The Egret is a long-legged aquatic bird that belongs to the Ardeidae, or heron, family. All members of the heron family with white colored feathers are Egrets.
Genetically and morphologically, these and other members of the heron family are very similar. Some of the different species include the great Egret, little Egret, snowy Egret, cattle Egret, and more. Read on to learn about the Egret.
Description of the Egret
Even though there are several different species, most of these birds look relatively similar. They have long legs, and long curved necks. Their beaks are long and pointed, and typically used for catching fish. Some species are smaller, while other species grow over three feet tall. The largest species have a wingspan of approximately five and a half feet long.
Interesting Facts About the Egret
There are 11 different species of this bird, and each species is different. Learn more about some individual species below.
- Cattle Egret – Cattle Egrets are small white herons that often live near livestock. One of their favorite methods of hunting is by following cows and other large farm animals. They do not pick the bugs off the cattle, but instead eat the bugs that leave their hiding spots by the cow’s movement.
- Reddish Egret – As their name suggests, these birds are one of the few species that are not white. Instead, they are reddish-brown and light gray. Their name comes from the long, wispy feathers on their necks, though some adults are actually white.
- Snowy Egret – Snowy Egrets are bright white, with long delicate feathers on their necks and chests. Before the Migratory Bird Act protected this species, humans hunted these birds for their beautiful feathers. In fact, at one point their feathers were worth twice as much as their weight in gold!
- Great Egret – These birds aren’t the largest species of heron, but they are the largest species of these bird. The National Audubon Society, which protects various species of birds and their habitat, has this bird as its mascot.
Habitat of the Egret
Across the various species, these birds live in a variety of different habitats. Many species live primarily in shallow aquatic areas, like ponds, streams, lakes, marshes, wetlands, and more. They search for food in shallow waters, both saltwater and freshwater. Some species also live in agricultural fields, flooded meadows, and even dry areas like farms.
Distribution of the Egret
Different species of these birds have different ranges. Some species only live in a small area, and some species live across large regions. Species that live over large expanses of land often have multiple subspecies depending on the region.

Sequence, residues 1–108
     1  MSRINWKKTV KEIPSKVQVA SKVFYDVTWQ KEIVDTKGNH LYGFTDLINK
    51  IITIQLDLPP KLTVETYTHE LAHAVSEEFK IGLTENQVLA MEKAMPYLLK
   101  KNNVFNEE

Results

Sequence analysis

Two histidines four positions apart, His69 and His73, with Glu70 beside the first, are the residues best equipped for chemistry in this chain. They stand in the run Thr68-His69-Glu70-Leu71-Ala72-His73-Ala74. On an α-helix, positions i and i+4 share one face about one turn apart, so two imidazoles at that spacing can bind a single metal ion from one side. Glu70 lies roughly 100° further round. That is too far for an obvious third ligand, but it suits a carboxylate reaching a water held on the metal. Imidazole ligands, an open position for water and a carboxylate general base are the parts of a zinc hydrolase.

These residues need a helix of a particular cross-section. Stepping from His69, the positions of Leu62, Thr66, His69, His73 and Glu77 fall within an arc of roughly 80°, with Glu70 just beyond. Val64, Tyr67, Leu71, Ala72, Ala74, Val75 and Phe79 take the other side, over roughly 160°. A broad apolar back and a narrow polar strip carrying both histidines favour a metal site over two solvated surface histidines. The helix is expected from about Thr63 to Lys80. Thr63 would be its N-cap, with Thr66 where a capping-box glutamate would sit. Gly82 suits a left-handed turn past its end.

Humans have even introduced some species to areas outside of their natural range. These birds live in North America, Central America, South America, Africa, Asia, Europe, Australia, and surrounding islands.
Diet of the Egret
These carnivorous birds are incredibly opportunistic. They feed on a wide variety of small creatures, though most of their food is aquatic. Basically, if they come across a potential meal, and they think they can fit it in their mouth, they try to eat it.
Some of their different types of prey include fish, insects, frogs, lizards, snakes, small birds, and even small mammals. Different species feed on different types of prey depending on where they live, but most eat just about anything.
Egret and Human Interaction
Historically, humans and Egrets haven’t quite coexisted, and we hunted many species extensively. Thankfully, various institutions have worked to help educate the public about the importance of these birds. Sadly, habitat destruction still poses a large threat to some species of these birds. The IUCN lists the reddish Egret as Near Threatened, the slaty Egret as Vulnerable, and the Chinese Egret as Vulnerable.
Humans have not domesticated these birds in any way.
Does the Egret Make a Good Pet
No, these birds do not make good pets. These birds eat a wide variety of foods, but mostly fish. Fish doesn’t smell good going in, and it definitely doesn’t smell better coming out the other end. It is also illegal to own this bird as a pet in most places.
Oftentimes, run-ins with humans leave these birds injured in some way. When they are lucky, wildlife rescues care for them and release them back into the wild when they are healthy. Unfortunately, some injuries prevent them from being able to survive in the wild.
When this happens, zoos or aquariums take the birds in, and give them free food for the rest of their lives. Birds in zoos also act as ambassadors for their wild counterparts, and help teach visitors about protecting the environment and the animals in it.
Behavior of the Egret
The behavior of these birds various from species to species. Most of them are solitary while hunting, but roost in groups known as flocks. While hunting, most quietly stalk through shallow waters in search of prey. During the breeding season, large numbers of these birds, and often other bird species, congregate into massive breeding colonies.
Reproduction of the Egret
The breeding behavior of these birds varies from species to species. Most species congregate in large numbers when they reproduce. Some species breed with the same mate year after year, while others mate with a single partner in one breeding season and a new one the next year.
Depending on the species, incubation usually lasts a little less than a month long. Different species of these birds begin to fledge at different ages, some at a few weeks old, others at several months.